With no direction, teaching or discipline, a child’s natural lack of self-control can make him downright savage. If left unchecked, toddlers will often kick, bite, hit, have tantrums and go into an uncontrollable rage. If you don’t correct this behavior, your child’s aggression could get worse, turning a normal childhood phase into a more serious behavioral problem.
Aggression and the Family
According to research conducted by Dr. Arantzazu Bellido, a Spanish psychologist, a direct relationship exists between a child’s behavior and her family environment and that aggressive kids usually come from conflicted families. Bellido concluded that absent parents, restrictive paternal discipline, a child being unsatisfied with his family and an overworked and stressed-out mother tend to produce an aggressive child.
Discipline is not just punishing your child; it is teaching your child. The best approach to disciplining your child to prevent aggressive behavior is to show your child love, affection and stability. Start this teaching when your child is a baby. When your baby smiles, smile back at him. Praise your child when you catch him doing something right. Once you and your child share trust and respect, he is more likely to listen to you when you invariably have to correct misbehavior. When your child plays with friends, let him work out minor disagreements, but if the disagreements escalate to all-out war, complete with biting, hitting and raging, you need to separate the kids. Whenever your child misbehaves, you must be consistent with your discipline. This sets up a pattern and expectations. For example, if every time your child hits, kicks or bites, you make him apologize and remove him from the situation, he should soon learn that there are consequences to his behaviors.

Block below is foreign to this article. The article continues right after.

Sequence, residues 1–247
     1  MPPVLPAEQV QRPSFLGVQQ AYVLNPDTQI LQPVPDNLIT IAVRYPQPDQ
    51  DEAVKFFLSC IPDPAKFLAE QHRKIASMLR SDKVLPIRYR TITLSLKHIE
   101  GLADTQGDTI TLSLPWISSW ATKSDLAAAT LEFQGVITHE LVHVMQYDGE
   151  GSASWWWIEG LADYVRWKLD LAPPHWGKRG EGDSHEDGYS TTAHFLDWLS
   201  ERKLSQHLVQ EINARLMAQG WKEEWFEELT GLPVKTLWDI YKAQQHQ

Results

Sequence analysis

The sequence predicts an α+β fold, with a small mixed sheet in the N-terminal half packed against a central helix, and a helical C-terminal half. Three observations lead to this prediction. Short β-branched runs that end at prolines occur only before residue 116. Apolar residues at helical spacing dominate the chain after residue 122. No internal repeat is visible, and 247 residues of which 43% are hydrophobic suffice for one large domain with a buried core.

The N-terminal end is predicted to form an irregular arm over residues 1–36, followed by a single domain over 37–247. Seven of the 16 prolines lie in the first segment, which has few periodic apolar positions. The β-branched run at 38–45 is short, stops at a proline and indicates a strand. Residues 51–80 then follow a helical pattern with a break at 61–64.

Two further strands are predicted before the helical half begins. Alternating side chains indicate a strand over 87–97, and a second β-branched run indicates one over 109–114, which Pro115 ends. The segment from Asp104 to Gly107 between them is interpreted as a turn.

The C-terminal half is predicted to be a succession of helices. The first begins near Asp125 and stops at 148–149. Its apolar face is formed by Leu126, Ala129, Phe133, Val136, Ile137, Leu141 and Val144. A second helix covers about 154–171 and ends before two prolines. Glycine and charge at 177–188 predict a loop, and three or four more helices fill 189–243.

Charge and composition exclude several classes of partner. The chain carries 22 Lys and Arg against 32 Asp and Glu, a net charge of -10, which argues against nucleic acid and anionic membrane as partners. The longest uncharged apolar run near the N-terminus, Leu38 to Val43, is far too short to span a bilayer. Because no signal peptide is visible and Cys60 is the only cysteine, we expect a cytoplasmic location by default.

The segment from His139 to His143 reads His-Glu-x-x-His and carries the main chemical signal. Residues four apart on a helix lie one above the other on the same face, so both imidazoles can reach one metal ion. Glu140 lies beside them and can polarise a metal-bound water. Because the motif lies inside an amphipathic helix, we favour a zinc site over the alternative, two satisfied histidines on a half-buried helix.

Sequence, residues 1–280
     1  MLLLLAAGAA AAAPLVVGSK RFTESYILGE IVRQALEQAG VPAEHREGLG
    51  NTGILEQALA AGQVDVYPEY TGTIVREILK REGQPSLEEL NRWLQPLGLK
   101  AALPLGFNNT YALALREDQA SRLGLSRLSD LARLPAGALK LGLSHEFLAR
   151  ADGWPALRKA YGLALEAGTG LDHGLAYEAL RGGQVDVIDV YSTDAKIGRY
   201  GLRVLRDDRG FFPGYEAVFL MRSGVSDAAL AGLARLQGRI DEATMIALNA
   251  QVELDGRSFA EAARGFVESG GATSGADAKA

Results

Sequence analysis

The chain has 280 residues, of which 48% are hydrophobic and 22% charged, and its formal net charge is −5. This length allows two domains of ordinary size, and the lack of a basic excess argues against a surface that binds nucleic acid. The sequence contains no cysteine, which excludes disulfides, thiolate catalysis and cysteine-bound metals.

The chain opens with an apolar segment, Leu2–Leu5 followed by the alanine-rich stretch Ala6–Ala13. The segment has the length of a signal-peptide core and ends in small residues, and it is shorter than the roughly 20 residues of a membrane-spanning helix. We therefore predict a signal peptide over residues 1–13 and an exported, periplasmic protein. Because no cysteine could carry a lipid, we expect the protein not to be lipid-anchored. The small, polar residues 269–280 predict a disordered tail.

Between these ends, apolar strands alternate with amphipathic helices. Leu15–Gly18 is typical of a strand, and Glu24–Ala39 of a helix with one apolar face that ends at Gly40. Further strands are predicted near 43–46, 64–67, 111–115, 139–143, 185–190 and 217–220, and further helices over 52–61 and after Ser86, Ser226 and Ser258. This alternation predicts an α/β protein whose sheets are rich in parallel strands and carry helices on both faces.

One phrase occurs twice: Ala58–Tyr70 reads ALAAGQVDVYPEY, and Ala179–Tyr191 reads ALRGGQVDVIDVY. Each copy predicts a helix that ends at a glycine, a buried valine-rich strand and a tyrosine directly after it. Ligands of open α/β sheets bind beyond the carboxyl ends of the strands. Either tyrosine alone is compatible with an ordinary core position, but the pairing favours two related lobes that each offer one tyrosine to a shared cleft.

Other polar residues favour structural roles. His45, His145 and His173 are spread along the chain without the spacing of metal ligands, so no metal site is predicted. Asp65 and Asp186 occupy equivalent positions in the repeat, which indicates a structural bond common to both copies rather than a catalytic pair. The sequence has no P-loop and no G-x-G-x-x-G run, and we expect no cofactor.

Beyond the Home
Not only is an aggressive child difficult for you to live with, an aggressive child usually has problems in school, too. Aggressive kids tend to dislike learning, are rejected by their classmates and act out in class.
Teach your child by example. If she sees you getting into physical fights at home or bursting out in a rage, then you can’t expect your child to behave any better. Model and teach appropriate ways for your child to deal with anger, such as saying “no” in a firm voice, turning her back or, for older kids, talking it out and compromising. If you are a calm voice of reason at home, even if you are angry, you model that good behavior, too.
When to Get Help
If your child’s aggressive behavior is past the point of you being able to control it, call your doctor. If your child is causing injury to others, attacks you or others, gets sent home from school, isn’t allowed to play at neighbors’ homes and if you fear your own child, you need to seek help. Maybe you can learn better ways to discipline your child, or maybe your child needs mental health intervention.